The Underappreciated Beauty Of An Outrageously Messy Wardrobe
The Debrief: Just because you don’t have an Instagram-Perfect wardrobe, doesn’t mean you can’t look awesome
Sometimes it feels like every part of modern life needs to be hyper-organised, edited and developed like it’s undergoing some militant, never-ending, self-improvement program. A better diet, a new dress, a new way to enjoy winter that basically is just enjoying winter but with a new name no one can pronounce, a new app that helps you track that new diet better, a new way of organising your home. And with the additional, relentless buzz of notifications, Whats’app groups and unanswered emails, it’s really the easiest thing in the world to feel like you haven’t got your shit together, at all.
Tim Harford is a columnist for The Financial Times - not perhaps the first place you’d look for advice on being untidy, but hear me out. Harford’s latest book is called Messy: Thriving in a Tidy-Minded World explores the wonders of mess and our modern preoccupation with being ridiculously organised. One of the things he looks at is how actually desks, if left ‘untidied’ have a way of organising themselves. Maybe the pieces of paper or things you need most regularly will be to hand, while the books you check every now and again are in a pile at the back. Maybe desks organise themselves, and we don’t need to be embarrassed about having a messy one.
Inspired by this anarchic idea, and the suggestion that a clinically tidy, Instagram-perfect desk was perhaps not the secret to success, I wondered what happened when you applied the same thinking to your wardrobe. Maybe the clothes you wear all the time are hanging over your bannister in a haphazard way because they’re the ones you wear (and like) the most. Maybe the top you bought but have never figured out how to wear is still tucked away at the back, because secretly you know that it’s not very ‘you’ and you probably won’t ever find a way to wear it. Maybe a tidy wardrobe doesn’t equal a tidy mind and actually maybe getting dressed is more fun when it’s impulsive and based on what you can see around you.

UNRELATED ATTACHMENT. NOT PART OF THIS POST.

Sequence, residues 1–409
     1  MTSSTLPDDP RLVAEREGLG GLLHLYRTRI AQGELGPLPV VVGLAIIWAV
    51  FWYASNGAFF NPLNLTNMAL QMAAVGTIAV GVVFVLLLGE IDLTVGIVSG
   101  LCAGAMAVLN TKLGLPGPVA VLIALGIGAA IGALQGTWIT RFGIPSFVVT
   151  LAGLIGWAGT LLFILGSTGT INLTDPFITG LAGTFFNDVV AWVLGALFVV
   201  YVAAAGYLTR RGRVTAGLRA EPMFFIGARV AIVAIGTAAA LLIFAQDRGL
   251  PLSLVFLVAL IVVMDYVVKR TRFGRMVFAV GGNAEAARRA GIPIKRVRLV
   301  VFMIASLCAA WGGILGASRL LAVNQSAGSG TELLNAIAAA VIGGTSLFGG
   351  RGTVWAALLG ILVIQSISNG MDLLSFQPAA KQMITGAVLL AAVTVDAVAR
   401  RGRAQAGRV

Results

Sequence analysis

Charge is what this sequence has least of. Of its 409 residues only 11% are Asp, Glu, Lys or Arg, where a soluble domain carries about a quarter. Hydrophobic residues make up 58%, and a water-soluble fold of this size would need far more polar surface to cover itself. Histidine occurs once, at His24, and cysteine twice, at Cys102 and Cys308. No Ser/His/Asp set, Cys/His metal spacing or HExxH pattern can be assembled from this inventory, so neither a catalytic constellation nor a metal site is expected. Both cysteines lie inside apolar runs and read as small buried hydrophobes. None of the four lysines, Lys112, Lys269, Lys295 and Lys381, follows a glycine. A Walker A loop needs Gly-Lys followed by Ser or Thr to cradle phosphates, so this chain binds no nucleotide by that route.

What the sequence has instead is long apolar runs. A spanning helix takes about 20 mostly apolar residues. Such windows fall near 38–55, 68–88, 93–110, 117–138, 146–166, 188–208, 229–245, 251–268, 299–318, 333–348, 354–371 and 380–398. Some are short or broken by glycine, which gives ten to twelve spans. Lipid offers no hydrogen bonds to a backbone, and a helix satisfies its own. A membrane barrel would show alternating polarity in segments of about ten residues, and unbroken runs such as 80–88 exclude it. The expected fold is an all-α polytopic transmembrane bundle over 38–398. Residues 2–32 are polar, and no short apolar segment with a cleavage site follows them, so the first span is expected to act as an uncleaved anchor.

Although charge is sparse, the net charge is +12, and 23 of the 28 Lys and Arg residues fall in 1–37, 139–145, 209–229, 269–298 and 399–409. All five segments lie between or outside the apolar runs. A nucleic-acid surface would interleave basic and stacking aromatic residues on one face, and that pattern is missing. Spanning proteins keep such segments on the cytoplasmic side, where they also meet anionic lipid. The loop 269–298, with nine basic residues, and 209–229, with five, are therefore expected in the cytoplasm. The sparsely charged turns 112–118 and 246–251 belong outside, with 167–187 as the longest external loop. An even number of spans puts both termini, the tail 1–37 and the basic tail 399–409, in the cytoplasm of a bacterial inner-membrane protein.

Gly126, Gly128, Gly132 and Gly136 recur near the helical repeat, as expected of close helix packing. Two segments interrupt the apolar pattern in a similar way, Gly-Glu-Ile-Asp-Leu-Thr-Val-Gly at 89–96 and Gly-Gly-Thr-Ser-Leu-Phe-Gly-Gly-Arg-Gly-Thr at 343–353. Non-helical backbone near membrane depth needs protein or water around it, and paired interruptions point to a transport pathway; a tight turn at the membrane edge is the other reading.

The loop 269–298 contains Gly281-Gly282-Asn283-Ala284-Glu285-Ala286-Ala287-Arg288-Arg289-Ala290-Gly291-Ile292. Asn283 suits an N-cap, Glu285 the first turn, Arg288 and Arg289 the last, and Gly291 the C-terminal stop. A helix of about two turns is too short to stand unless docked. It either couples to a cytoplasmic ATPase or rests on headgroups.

Holly Chapman is a 22-year old student at London College of Fashion and a part-time stylist, who likes to keep her clothes where she can see them: ‘It’s case of what I can see on my floor’ she says. ‘My room is actually in the lounge. So it’s split in half with one half having the sofa and TV and then we use my wardrobe slash rails as a room divider. I’ve got drawers as well - which are probably the messiest drawers you’ve ever seen in your life.’
If you work in fashion having a lot of clothes is part of the job. Another woman who struggles revels in the mess of her wardrobe is Lauren Smeets; an Asos Insider. ‘Every day you think you’re in a fashion show’ says the 27-year old. ‘Everyday you think about your outfit. Then if doesn’t go right you end up throwing clothes everywhere! That’s my problem, it’s in my room, and I come home every day, put things away and then it happens again!’
When your wardrobe is a hot mess and you never know what you’re going to find under a pile in the corner of your room, getting dressed has a unique set of challenges. Aimee Jakes, a 22-year old Audience Development Executive, says ‘I tend to go for really smart clothes, I wear lots of shirts. Kind of like geek chic. I dress something smart but then I love something weird.’ The trick that she’s mastered is buying clothes that go with everything. ‘I love wearing dresses because you look more done, and people think you’ve made an effort’ she explains. ‘I always buy stuff that goes together. The trick is to find things that all go together because that’s so much easier.’
Aimee likes to let her wardrobe get a bit wild, so every few months she can have a proper sort out. ‘I do a big tidy up. And I always find things at the back of the wardrobe that I’d forgotten about’ she says. ‘I’m so against ordering things because if you do that you tend to stick with the same things every day. Whereas if your wardrobe is messy you see everything you have. I used to be more organised, but then if I had my clothes in a going out draw I’d never wear them during the day - I think it really limits you.’
As well as reducing the chances of finding something random, or suddenly seeing clothes in a new light because they’re lying next to something you never would have thought of pairing them with, sometimes having a messy wardrobe is just reflective of your personality - and how you like to do things. And whose place is it to judge that? ‘Do you know, I think ideally I would like to be a little more organised’ says Lauren. ‘But I think my whole life anyway thrives on stress and chaos, and being really really busy.’
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